Watch out for identity theft this holiday season, experts warn
Pandemic enabling scams that target online shoppers, government benefit recipients
Identity theft and fraud are becoming more prominent in Calgary — and the pandemic isn't helping.
Experts are warning people to be extra cautious of scams, fraud and other crimes targeting your bank account this holiday season as COVID-19 has changed the way these crimes are being carried out.
There was a 38 per cent increase in reported incidents of identity theft in Calgary from 2018 to 2019, and a 18 per cent increase in identity fraud during that same period. Fraud crimes like that across Canada have increased by 64 per cent over the past decade.
Statistics Canada attributes a portion of the rise to more awareness. Those fraud crimes are the primary driver of overall increases in the Crime Severity Index, which ranks the volume and seriousness of crimes across Canada.
Nationally, there were 19,285 victims of fraud reported and over $98 million lost in 2019, says the Canadian Anti-fraud Centre.
Alana Higgins, who had her identity stolen two years ago, wants others to learn from what she went through.
"You have to be a skeptic every time you are approached, especially when it comes to financial situations," she said.
"We're in the new normal of COVID, nobody meets face to face anymore, you have no idea who you're actually talking to."
Holiday shoppers purchasing online are often targets. The Calgary Police Service is watching the effects of COVID-19 on identity theft closely.
"People get carried away and they start letting their guard down. Basically, they're not scrutinizing the websites or apps they're using where they provide the personal information. So I anticipate this year might be an increase, for sure," said Kris Anton, a constable with the economic crime unit.
COVID-19's effect on identity crime
Anton noted the trends haven't changed much over the last few years, it's mostly phone calls or phishing emails, but the pandemic is starting to shift that.
"We're anticipating we're going to get more COVID-related scams," he said. "People pretending to be from utility companies such as Enmax or they pretend to be from the RCMP saying you have an arrest warrant, or even just from the CRA for taxes."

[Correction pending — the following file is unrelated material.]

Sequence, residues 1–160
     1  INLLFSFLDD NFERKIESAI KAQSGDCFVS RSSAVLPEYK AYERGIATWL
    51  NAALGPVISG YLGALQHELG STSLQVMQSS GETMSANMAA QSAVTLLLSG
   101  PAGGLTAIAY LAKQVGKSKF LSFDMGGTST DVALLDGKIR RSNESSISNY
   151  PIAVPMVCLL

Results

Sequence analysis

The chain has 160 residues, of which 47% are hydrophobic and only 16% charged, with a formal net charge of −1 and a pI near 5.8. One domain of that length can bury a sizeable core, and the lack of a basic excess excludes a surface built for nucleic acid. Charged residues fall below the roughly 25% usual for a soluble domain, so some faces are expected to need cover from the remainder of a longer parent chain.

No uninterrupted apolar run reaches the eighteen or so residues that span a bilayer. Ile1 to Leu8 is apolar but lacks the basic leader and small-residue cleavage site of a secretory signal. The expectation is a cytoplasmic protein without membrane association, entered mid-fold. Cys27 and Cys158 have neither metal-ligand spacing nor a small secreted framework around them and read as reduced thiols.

There are some simple things that will lower the risk of being targeted, like picking up your mail in a timely manner, not leaving important papers in your car, reviewing your bank statements often and being vigilant with your online shopping.
However, one criminologist says identity-based crimes are difficult to prosecute.
Kelly Sundberg, a professor at Mount Royal University, says economic crimes are often international crimes. This means the victim, the perpetrator and the internet server used are often in different regions or countries. Laying charges can require collaboration with foreign police forces.
It's not the only complication. Police training and education around fraud and online crime is something Sundberg says needs to be improved.
"It requires a high level of education and specialized certification and accreditation on the part of those involved in the investigation," he said, adding governments and police services should invest in more training for their officers tasked with these kinds of crimes.
"Investigators that are involved in this really should have a solid understanding of the dark web and have an understanding of finance and international finance and cybercrime and security."
There's one piece of advice Anton says everyone who gets targeted should follow.
"Don't be embarrassed and report it right away. That's how we get our information and that's how we can investigate."